"Greene gives the reader a vivid sense of the Anlo encounter with western thought and Christian beliefs... and the resulting erasures, transferences, adaptations, and alterations in their perceptions of place, space, and the body."
Sandra E. Greene reconstructs a vivid and convincing portrait of the human and physical environment of the 19th-century Anlo-Ewe people of Ghana and brings history and memory into contemporary context. Drawing on her extensive fieldwork, early European accounts, and missionary archives and publications, Greene shows how ideas from outside forced sacred and spiritual meanings associated with particular bodies of water, burial sites, sacred towns, and the human body itself to change in favor of more scientific and regulatory views. Anlo responses to these colonial ideas involved considerable resistance, and, over time, the Anlo began to attribute selective, varied, and often contradictory meanings to the body and the spaces they inhabited. Despite these multiple meanings, Greene shows that the Anlo were successful in forging a consensus on how to manage their identity, environment, and community.
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Sandra E. Greene is Associate Professor of African History at Cornell University. She is author of Gender, Ethnicity, and Social Change on the Upper Slave Coast: A History of the Anlo-Ewe and is working on a book on religion in the Atlantic slave trade. She is past-president of the African Studies Association.Review:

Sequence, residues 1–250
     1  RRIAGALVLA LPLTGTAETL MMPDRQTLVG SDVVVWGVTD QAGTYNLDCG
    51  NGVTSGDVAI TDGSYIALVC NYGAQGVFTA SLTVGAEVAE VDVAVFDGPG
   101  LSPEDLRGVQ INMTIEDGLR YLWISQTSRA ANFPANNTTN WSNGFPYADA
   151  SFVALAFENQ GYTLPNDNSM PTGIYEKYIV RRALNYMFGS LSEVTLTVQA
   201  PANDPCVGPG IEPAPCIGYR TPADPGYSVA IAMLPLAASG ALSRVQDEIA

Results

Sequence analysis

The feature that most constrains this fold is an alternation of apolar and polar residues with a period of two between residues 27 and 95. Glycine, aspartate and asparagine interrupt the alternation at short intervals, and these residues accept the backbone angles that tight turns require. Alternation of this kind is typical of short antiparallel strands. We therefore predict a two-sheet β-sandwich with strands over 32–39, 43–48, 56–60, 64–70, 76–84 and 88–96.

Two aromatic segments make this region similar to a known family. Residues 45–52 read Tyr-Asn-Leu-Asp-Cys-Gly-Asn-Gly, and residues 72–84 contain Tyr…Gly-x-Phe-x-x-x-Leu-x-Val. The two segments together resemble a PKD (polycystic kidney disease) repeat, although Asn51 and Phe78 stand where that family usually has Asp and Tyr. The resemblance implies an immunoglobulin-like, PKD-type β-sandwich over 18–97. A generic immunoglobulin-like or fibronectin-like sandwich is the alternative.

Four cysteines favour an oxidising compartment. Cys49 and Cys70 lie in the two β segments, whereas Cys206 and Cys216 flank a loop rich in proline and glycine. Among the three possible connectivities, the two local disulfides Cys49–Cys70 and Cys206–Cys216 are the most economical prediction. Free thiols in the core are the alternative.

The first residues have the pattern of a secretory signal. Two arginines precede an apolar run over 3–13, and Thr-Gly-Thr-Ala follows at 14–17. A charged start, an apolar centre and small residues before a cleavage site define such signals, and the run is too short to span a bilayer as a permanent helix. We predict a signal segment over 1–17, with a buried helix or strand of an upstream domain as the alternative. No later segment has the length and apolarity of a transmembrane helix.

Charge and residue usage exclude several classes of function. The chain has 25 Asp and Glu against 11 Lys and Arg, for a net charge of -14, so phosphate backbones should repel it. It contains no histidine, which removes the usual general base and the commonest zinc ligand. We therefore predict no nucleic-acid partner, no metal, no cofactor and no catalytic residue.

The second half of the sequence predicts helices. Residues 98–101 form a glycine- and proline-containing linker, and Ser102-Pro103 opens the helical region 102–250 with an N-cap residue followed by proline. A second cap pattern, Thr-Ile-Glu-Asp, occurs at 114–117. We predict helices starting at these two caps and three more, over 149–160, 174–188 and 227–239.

"This scholarly study explores the wide-ranging political and religious ramifications of German and British colonial rule over the Ewe-speaking Anlo people in southern Togo and southeastern Ghana. German Pietists from the Bremen Mission dominated the region from the mid 19th century until ousted by the British during WW I. The Germans translated the Bible into Ewe and, by applying their own völkisch (volkisch) notions to the natives, disrupted the long-term spiritual affinity between the Ewe-speaking and Akan-speaking communities in the Anlo polity. Moreover, by appropriating the town of Notsie, they desecrated the home of Mawu, the chief Anlo diety. Ewe-Anlos were told to abandon primitive customs like burying their dead under their houses and retaining faith in magic and fetishes and to take up European culture and religion if they ever hoped to become civilized. Adoption of European practices, however, rarely guaranteed acceptance. Instead, colonial pressure resulted in frustration, passive resistance, and, sometimes, open rebellion. Through it all, Greene notes, old meanings and sacred sites were not forgotten. Retained in bits and pieces, they now constitute the very foundation upon which the new is made sensible. Includes maps and photographs; highly recommended for all levels and collections. —W. W. Reinhardt, Randolp" —Macon College, 2003jan CHOICE(Macon College, 2003jan CHOICE)
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Book Description Indiana University Press, 2002. Hardcover. Book Condition: New. book. Bookseller Inventory # M025334073X